Men would rather give up sex and alcohol for a year than go bald.

A new survey undertaken by German hair loss specialists, Alpecin, has lifted the lid on one of the greatest fears of Kiwi blokes - being follicly challenged.

Men in their twenties think going bald is so terrible that 70 per cent said they would forgo sex for a year to keep their hair.

And nearly three quarters of men aged between 20 and 49 would happily say "yeah nah" to booze for a year rather than go bald.

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It's not only men who are concerned. Women across all age groups were even keener to give up sex for a year to save their partner's crowning glory.

Women also support the 50 per cent of men who would choose a full head of hair over a large penis, according to the survey.

Comedian, Radio Hauraki DJ and proud baldy Leigh Hart started shaving his hair when it began thinning, to avoid "letting it get to that ugly in the middle bald".

And he revealed he too would go without to still have a full head of hair.

"Booze for one year to have hair for the rest of your life? I suppose I'd do that," Hart said.

"I wouldn't give up sex in the same year that I'm not drinking. I have to have one
pleasure."

Hart said when his son was about 4 he asked him why he didn't have any hair.

"I said when he was born he didn't have any so I took my hair and gave it to him...he thought I was a legend."

Hart is "totally comfortable" with being bald and said it had helped shape his career by making him more instantly recognisable.

The survey revealed over one third of men and women think hair loss impacts on self-esteem and confidence, with one in five males believing hair loss makes them less attractive to potential partners.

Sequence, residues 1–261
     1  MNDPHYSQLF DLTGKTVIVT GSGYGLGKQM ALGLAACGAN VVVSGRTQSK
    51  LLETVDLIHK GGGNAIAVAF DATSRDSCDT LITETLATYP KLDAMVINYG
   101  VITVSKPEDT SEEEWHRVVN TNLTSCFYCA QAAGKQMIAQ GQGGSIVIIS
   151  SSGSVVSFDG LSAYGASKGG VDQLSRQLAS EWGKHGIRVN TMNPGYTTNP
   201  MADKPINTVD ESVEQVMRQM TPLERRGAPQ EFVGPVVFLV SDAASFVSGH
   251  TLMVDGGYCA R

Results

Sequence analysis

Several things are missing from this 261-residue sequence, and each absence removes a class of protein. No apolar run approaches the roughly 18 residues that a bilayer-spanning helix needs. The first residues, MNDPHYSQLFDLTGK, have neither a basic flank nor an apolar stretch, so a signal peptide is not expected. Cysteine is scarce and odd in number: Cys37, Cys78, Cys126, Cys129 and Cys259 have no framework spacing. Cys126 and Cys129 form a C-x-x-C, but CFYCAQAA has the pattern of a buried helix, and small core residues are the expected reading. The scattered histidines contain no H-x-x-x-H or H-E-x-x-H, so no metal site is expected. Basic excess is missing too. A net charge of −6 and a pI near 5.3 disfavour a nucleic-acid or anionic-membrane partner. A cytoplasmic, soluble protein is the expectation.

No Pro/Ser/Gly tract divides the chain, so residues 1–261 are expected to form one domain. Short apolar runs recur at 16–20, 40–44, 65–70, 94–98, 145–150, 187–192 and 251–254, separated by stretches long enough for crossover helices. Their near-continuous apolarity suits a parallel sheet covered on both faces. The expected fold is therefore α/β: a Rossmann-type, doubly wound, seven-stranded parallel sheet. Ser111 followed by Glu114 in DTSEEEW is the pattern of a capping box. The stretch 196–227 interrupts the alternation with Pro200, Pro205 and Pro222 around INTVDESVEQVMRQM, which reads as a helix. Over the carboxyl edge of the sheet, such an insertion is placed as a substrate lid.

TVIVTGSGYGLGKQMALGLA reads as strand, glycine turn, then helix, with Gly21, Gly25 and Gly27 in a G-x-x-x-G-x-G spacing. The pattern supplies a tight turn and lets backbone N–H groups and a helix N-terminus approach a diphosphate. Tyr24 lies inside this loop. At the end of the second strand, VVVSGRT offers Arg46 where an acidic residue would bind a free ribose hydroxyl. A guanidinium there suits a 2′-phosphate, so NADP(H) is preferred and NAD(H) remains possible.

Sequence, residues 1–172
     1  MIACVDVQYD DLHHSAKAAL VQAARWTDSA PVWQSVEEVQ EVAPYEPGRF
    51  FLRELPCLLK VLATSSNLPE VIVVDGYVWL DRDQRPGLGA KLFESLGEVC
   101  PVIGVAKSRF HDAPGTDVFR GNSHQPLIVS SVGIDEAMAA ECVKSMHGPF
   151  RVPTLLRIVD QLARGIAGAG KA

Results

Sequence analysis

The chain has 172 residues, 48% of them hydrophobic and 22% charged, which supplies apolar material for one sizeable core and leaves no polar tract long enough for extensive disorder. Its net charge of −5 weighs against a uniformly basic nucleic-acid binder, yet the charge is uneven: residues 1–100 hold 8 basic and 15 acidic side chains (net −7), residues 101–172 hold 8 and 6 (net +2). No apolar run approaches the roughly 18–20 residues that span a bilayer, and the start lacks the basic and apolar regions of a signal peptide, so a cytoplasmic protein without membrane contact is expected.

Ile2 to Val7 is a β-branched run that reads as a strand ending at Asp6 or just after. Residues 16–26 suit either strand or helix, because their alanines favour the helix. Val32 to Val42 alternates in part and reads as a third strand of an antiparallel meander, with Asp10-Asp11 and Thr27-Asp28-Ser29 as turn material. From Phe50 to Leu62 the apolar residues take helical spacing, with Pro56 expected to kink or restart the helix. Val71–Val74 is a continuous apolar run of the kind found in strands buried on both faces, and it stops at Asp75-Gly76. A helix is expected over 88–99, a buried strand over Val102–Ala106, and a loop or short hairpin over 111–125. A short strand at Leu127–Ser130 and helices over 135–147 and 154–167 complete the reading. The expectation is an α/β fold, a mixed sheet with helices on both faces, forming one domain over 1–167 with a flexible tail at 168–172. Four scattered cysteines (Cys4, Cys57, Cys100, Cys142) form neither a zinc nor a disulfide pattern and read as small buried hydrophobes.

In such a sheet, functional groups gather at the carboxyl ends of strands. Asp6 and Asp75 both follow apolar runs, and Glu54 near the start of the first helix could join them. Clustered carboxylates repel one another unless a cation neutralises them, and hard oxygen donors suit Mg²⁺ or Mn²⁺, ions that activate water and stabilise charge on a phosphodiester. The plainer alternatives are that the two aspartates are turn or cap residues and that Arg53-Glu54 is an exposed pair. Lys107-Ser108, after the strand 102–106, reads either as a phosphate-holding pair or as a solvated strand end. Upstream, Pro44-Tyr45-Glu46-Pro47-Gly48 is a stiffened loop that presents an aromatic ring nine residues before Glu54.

Scientist and Alpecin hair specialist, Dr Adolf Klenk, said losing your hair at any age can have a major impact on your life.

"Losing your hair can affect the way you view yourself and how you believe others view you and we've seen New Zealand men would be prepared to make some significant lifestyle trade-offs if it meant keeping their hair.

"Hair thinning and baldness is a fact of life for many young men when they look at their father or grandfather," said Dr Klenk.

While most men attribute hair loss to genetics or hereditary factors, 33 percent put it down to stress and work.

A further 5 per cent blamed it on their wife.

But there are some things men will not give up, even it means losing their luscious locks.

A year's salary was the number one choice, with 85 per cent of men not willing to give up their pay packet. This was closely followed by erectile dysfunction.

Auckland's booming house prices have also impacted opinions on hair loss with almost 80 percent of Auckland men saying they would rather own a house in the City of Sails than a full head of hair and almost 90 per cent of women agree.

Sara Chatwin, psychologist and social commentator, said that hair loss can be emotionally damaging for people.

"They feel envious of others with hair and think they have to change themselves to compensate for their hair loss, for example, they wear caps, different clothes and might work out at the gym more to deflect interest from their hair loss."

A number of celebrities have treated themselves to a hair transplant to cover up bald spots and receding hairlines.

Among them are cricketer Shane Warne, soccer star Wayne Rooney, musician Sir Elton John and former All Black Xavier Rush.

Hart however encourages men to not worry about hair loss.

"It doesn't really matter, it is what it is. Embrace it."